I have discovered another amazing outcome of memoir writing: reflecting back, even on events that occurred long ago, can catalyze life-changing epiphanies. In my experience, these insights don’t arrive until we have the capacity–and perhaps the willingness, even if it is unconscious–to welcome them.

I think of it this way: I write myself alive.

© Skye Blaine, 2015

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writing memoir, take two

Writing the truth about one’s younger self is daunting. It has required rigorous self-examination, and the willingness to admit my weaknesses and flaws.

I kept a running list of scenes that I needed to tackle, so each day, when I sat down to write, I had a place to start. I’d pick a scene from that list that felt alive, or “hot,” and began typing.

The very process of considering an event, and parsing for just the right words to express my experience, often brought long-forgotten detail to the surface. I also spoke to people from that time and asked questions about what they remembered. I did not, however, contact my ex-husbands during the writing process. I felt the need to stay with my own experience–even though I knew it was one-sided. I didn’t have the gumption to exhume those painful failures with them again. It wasn’t the time.

When I first began writing about my life, mentors encouraged me to write without filtering–to “tell my whole truth.” I wrote for self-discovery about myself as a parent, partner, and human being. Now that the memoir is finished and approaching publication, I felt I must reach out to people included in the story to let them know I wrote about them. This included not only friends and two ex-husbands, but physicians as well.

I have no interest in blaming. What happened, happened–we all participated, and I know each of us handled ourselves as best as we could in that moment–even when that best looked like rage, betrayal, or weakness.

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scene and sequel

Fictional time usually unfolds in either scene or sequel. Sequels are also known as summaries.

Scenes are generally short, occur in real story time, and include action and dialogue. Scenes are necessary! They are how your reader experiences the story through your character’s eyes. Scenes are significant to the movement of the story—crises, turning points, showdowns and tension between characters happen during them.

Here is an example of a small scene from a novel in progress:

Rowan dug into the stew. She stopped as soon as the food entered her mouth. “What is this?”
“Venison,” Moss said.
“Venison, you mean like deer? What store carries deer?”
“I shot, dressed, and froze it.”
“You shot it? An innocent deer?” She set down her spoon. “How could you do that?”
“Rowan!” her mother said. “Where are your manners?”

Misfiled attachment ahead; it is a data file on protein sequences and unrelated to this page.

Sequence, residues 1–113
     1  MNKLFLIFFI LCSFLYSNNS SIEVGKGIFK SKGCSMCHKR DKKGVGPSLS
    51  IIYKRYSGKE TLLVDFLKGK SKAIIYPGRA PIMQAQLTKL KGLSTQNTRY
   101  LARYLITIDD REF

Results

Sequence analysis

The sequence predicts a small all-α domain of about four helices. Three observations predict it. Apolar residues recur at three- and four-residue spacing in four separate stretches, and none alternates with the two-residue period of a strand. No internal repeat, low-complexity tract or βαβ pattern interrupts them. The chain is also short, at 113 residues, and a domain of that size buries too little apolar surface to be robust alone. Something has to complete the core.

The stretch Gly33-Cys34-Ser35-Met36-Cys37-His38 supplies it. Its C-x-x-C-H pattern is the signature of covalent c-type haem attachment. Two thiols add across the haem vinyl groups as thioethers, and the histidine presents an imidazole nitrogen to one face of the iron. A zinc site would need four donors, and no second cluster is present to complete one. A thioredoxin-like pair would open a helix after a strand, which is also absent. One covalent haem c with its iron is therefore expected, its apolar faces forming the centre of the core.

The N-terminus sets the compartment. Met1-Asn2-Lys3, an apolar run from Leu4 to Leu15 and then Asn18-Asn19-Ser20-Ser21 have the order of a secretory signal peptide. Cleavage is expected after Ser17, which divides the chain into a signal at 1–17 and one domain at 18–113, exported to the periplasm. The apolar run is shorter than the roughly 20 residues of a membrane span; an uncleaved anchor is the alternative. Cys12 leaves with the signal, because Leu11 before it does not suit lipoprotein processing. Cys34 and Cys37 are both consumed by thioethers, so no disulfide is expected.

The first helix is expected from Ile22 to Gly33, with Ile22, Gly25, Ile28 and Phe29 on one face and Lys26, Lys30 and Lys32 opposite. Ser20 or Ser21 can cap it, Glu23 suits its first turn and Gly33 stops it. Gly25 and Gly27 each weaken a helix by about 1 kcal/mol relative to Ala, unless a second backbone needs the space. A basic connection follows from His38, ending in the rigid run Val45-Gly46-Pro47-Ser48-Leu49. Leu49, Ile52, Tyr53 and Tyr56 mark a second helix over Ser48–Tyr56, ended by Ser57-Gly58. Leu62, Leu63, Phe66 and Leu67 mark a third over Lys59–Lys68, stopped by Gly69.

“Where is his … his kindness?” She frowned hard in his direction. Moss tried to keep a straight face.
Carolina shook her head at her daughter, but didn’t say anything.
“Do you eat meat at home?” Moss asked.
Rowan twisted her spoon in the stew. “Yeah.”
“Well, how do you think it got on your plate? Did it walk there of its own accord?”

Sequels often describe in narrative form (no dialogue), the character’s reflection on the scene that just occurred, or may cover a longer period of time. Sequels may also give the reader character background, provide overall story information, and perhaps most important, transition the reader through time: a short leap (such as Two days later,) or decades.

Here’s a short sequel from a different point in the story:

In moments like these, Carolina admitted to herself that she was hungering for a partner again. She longed for the day-to-day rubbing elbows, conferring about small decisions, bumping into each other as they invented some new concoction in the kitchen. She hardly ever let herself think about it, but she missed Rafe. Badly. Missed him in that secret chamber of her heart, but she’d slammed the door shut from the blunt-force trauma of losing him. Rafe. Oh, Rafe. If only he could see Rowan now. Rowan missed him too—he’d died when she was seven. Of flu. How could a strong, young man just up and die of flu?

This sequel is through the awareness of one of the main characters, but there is neither dialogue nor significant action. It simply relays information so the reader knows Carolina’s history better.

© Skye Blaine, 2015

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point of view (POV)

Whether you are writing memoir or fiction, your reader is introduced to your story through one of your character’s eyes. This is called the point-of-view character–we see the world being created with words through this point of view. We know the thoughts and feelings of this character, but not the others who populate the story. For people who are just beginning to write, I encourage writing with only one point-of-view character. The next task is learning to control your writing so the story is told through one set of eyes alone. This is not as easy as it sounds.

Notice as you reread your scene:

  • Are you, as the reader, privy to the thoughts of more than one character?
  • Can you look through more than one characters’ eyes?
  • Do you know the inner feelings of more than one character?

If the answer is yes, you have not successfully contained the point of view. Return to your writing with a different eye. Reread the scene, and mark each place you find a POV shift from one character to another. This will make your rewrite easier.

There are many seasoned authors who write from multiple points-of-view successfully, but tackling a first manuscript with more than one POV is like trying to control a team of horses before you even learn to ride.

I learned the hard way. You don’t have to!

© Skye Blaine, 2015